Transaction costs represent another major hurdle to portfolio rebalancing. If you rebalance frequently, you will spend a noticeable amount of money on trade fees and transaction costs. Frequent trades might also not favor certain investors. Those from barbaric jurisdictions that charge taxes on every trade might want to avoid rebalancing.
Popular Crypto Rebalancing Strategies
Crypto portfolio rebalancing offers many advantages but it also has its flaws. If the pros offset the cons, you might want to go ahead with rebalancing. But which rebalancing strategy should you use? The section below features a list of popular rebalancing strategies for your crypto needs.
Threshold rebalancing is a rebalancing strategy where you apply tolerance bands to your holdings. An asset has an assigned allocation percentage and can not deviate excessively. You may allow the asset to move 10% up or down, but you’ll buy or sell it as soon as the price change breaks 10%.
A popular crypto investing plan is holding Bitcoin and Ethereum. Investors tend to hold one half of their portfolio in Bitcoin and the other in Ethereum. If they wish to ensure a 50/50 split forever, they can incorporate a threshold rebalancing strategy. This would involve setting a 5% tolerance band so that the portfolio can maximally deviate to a 55/45 split. If one asset outperforms, the investor will sell it to buy the other asset.
The effectiveness of threshold rebalancing depends on the market, but also on the width of the threshold. How your strategy turns out depends on whether you apply a low or high threshold strategy. Both types come with a list of pros and cons.
- Less volatility
- Lower returns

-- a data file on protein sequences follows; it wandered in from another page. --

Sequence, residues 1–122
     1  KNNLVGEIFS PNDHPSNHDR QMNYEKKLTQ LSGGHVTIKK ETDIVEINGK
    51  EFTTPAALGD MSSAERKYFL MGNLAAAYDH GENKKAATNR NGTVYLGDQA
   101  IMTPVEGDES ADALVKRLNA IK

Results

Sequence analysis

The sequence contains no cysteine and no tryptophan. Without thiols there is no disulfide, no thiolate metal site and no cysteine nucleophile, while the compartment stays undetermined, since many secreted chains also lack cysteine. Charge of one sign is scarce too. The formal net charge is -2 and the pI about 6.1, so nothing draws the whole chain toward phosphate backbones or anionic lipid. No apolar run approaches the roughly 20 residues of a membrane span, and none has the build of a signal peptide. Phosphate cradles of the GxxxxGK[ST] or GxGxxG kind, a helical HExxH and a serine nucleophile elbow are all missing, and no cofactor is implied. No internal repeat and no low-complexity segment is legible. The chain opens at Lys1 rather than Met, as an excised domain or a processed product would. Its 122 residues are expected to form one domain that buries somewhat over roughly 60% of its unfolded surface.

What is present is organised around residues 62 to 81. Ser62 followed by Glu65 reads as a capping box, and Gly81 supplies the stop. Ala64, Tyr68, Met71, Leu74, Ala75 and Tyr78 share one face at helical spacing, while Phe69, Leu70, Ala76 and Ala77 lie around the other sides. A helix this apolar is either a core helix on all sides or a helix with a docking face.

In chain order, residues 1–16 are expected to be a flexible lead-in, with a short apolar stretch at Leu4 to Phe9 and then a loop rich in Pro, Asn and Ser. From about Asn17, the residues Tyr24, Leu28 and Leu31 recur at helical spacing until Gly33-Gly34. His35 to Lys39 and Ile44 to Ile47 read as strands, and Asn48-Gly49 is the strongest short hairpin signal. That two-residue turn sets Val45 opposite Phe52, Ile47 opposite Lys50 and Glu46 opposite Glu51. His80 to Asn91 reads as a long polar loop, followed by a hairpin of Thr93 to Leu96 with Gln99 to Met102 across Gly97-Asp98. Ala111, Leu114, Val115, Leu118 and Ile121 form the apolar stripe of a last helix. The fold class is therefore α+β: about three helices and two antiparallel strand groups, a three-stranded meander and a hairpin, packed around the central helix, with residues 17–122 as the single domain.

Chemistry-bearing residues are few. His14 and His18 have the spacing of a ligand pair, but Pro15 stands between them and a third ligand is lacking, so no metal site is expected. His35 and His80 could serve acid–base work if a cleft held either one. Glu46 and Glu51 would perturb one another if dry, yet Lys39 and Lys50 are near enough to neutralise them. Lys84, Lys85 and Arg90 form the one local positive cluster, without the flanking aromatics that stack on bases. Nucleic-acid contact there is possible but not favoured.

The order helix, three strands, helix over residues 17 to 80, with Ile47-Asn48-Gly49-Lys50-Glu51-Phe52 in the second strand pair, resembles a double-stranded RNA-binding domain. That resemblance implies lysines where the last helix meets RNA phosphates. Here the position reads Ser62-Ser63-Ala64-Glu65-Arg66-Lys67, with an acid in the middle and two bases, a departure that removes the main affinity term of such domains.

- Higher transaction costs
- More frequent rebalancing
- Threshold is almost never breached
- Higher volatility
- Higher returns
- Lower rebalancing costs
- Less frequent rebalancing
- Threshold may be breached from time to time
Constant Proportion Portfolio Insurance (CPPI)
Constant Proportion Portfolio Insurance (CPPI) is a rebalancing strategy based on the premise that risk increases along with wealth. To protect your capital against risk, you need to allocate a portion to cold hard cash – or stablecoins. Doing so ensures that your wealth is protected and that your portfolio is not subject to extreme volatility.
If I hold all my capital in crypto and the market breaks records, I’ll see a nice boost to my portfolio. But a simple retrace is enough for my portfolio to bleed and experience a 20% fall. If I want to protect my capital and ensure profits, I need to exchange a portion of my tokens for stablecoins.
Let’s say I have $100,000 in crypto and another $100,000 in Tether (USDT). If the market crashes 30% it’ll only affect my crypto holdings, leading to $30,000 in losses. That means my total portfolio will be worth $170,000. If all my money was in crypto, I’d lose $60,000 and own $140,000. But by holding stablecoins, not only do I avoid losses, but I also gain the opportunity to rebalance my portfolio by reinvesting my stablecoins into crypto.
Calendar rebalancing is a strategy that focuses not on allocations or value, but time. All you need to do is determine a time interval at which you want to rebalance. You can rebalance on a daily, weekly, or monthly basis. The frequency at which you change your portfolio depends on similar factors mentioned in threshold rebalancing.
Higher frequency rebalancing incurs higher transaction costs but leads to lower portfolio drift. Lower frequency rebalancing offers lower transaction fees, but at the cost of higher portfolio drift. Which option you choose depends on how liberal your portfolio should be with drifting from its original allocation.
Calendar rebalancing is much easier compared to the previous two strategies. You don’t need to calculate risk nor monitor tolerance bands. Your only job is to rebalance your portfolio every week or month.
Without the help of any tool, you’ll have to rebalance your portfolio manually. If you want to make your life easier, you should automate your rebalancing experience. For automated rebalancing I recommend Shrimpy – an automated portfolio management platform that helps you track and rebalance your portfolio, backtest trading strategies, copytrade great traders, and many other things.
If you want to learn more about rebalancing portfolios, I recommend reading the following articles: